[...] One of the elements of winemaking I enjoy is how its production employs our humanness.  This topic is difficult and very broad so I’ll try to remain on task.  We could start by discussing wine’s transcendence.  Wine transcends its original material.  It points to – no – engages the imbiber into an experience of enjoying flavors other than what would be expected from tasting its original components.  Cherry wine tastes like cherries, but grape wine doesn’t taste of grapes.  And while I think, just as NYU President John Sexton argues, that baseball implies a larger transcendence and the same could be said of wine, here we’ll leave that windy path for someone else to travel.  But there are plenty of other reasons beside wine’s transcendental nature that invoke our human experience, not the least of which is the way it draws our pleasure and gladness of heart.  Continue reading at Hawk Wakawaka Wine Reviews [...]

  3. Anna S.
    Anna S. at | | Reply

    Wow, a super interesting read, I’m looking forward to the next installment!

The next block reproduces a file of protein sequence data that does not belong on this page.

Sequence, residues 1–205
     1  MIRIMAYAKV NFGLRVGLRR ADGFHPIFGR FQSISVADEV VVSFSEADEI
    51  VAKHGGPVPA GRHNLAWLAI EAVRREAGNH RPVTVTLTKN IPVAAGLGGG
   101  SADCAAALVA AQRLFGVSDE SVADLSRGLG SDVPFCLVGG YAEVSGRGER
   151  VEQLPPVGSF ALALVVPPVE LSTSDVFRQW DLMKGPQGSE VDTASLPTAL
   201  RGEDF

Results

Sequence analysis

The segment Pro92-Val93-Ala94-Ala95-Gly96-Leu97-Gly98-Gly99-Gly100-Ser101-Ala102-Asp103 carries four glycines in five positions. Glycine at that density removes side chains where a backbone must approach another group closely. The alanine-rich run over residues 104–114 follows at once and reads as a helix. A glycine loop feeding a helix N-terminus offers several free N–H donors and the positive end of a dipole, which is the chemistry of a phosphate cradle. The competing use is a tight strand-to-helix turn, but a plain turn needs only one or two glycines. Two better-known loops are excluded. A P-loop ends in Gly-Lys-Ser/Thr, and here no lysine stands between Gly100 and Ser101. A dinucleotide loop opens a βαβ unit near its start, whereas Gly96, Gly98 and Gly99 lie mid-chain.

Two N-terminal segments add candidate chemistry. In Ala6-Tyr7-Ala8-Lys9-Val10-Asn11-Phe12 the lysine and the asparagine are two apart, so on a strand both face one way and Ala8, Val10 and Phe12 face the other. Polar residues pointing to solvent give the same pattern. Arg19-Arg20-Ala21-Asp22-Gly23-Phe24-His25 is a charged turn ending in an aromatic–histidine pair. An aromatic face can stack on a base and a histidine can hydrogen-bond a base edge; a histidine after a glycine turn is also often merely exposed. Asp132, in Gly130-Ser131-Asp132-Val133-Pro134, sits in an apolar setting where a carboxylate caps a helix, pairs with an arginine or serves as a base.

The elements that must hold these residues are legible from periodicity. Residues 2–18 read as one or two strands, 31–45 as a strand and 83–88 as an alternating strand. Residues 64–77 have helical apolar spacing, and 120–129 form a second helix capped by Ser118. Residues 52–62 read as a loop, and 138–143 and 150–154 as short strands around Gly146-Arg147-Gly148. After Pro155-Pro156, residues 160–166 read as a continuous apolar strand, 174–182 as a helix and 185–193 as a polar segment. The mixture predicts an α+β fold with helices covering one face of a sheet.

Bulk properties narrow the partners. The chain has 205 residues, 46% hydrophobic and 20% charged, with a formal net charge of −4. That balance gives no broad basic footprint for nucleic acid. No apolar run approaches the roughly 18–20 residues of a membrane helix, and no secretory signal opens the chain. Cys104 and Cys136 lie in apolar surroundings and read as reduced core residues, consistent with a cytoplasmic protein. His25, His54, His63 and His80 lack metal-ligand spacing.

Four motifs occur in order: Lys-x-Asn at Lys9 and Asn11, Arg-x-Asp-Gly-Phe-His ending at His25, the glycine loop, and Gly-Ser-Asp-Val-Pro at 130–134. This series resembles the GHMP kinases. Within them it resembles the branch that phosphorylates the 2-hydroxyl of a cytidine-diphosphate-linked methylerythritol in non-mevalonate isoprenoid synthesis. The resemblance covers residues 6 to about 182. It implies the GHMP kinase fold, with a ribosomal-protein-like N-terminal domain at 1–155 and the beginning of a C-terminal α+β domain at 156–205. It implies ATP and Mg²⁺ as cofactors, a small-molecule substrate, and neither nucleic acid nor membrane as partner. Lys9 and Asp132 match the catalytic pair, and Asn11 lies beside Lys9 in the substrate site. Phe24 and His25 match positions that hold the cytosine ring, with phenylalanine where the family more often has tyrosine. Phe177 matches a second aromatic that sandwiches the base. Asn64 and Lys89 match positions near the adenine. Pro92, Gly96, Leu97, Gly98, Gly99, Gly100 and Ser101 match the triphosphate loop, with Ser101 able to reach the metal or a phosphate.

4. Terroirist: A Daily Wine Blog » Daily Wine News: Metaphysical Lectures

    [...] Elaine Hawk Wakawaka turns her blog over to Tyler Thomas, head winemaker at Donelan Wines, to reflect “on faith in [...]

  5. Hardy Wallace
    Hardy Wallace at | | Reply

    Amazing post., Tyler.
    “A wine that produces a glad heart”- Love it.
    Thank you for sharing your thoughts on this.

  6. Terroirist: A Daily Wine Blog » Daily Wine News: Drink Five Bottles

    [...] Monday, Lily Elaine Hawk Wakawaka turned her blog over to Tyler Thomas of Donelan Winesto reflect “on faith in winemaking.” Yesterday, Thomas wrote an additional post detailing his personal [...]

  7. Zeke
    Zeke at | | Reply

    I kind of agree, but I wouldn’t call it faith. I’d say what you are describing is bravado. Unjustified confidence in oneself that plays out in my head like: “I’m fairly certain I’m right, but even if I’m wrong I’m fairly certain I can dig myself out of the hole I’m just about to put myself into.” Other than that, I agree with your thoughts on “wine’s transcendence”, though I wouldn’t have the guts to say that phrase out loud.

    1. Katherine
      Katherine at | | Reply

      It seems like bravado is circular in a sense it is always a projection of oneself for oneself. Whereas faith aims outward towards the unknown. In which case, since wine is outside of oneself, and something to be shared in community (or communion) bravado doesn’t seem to work.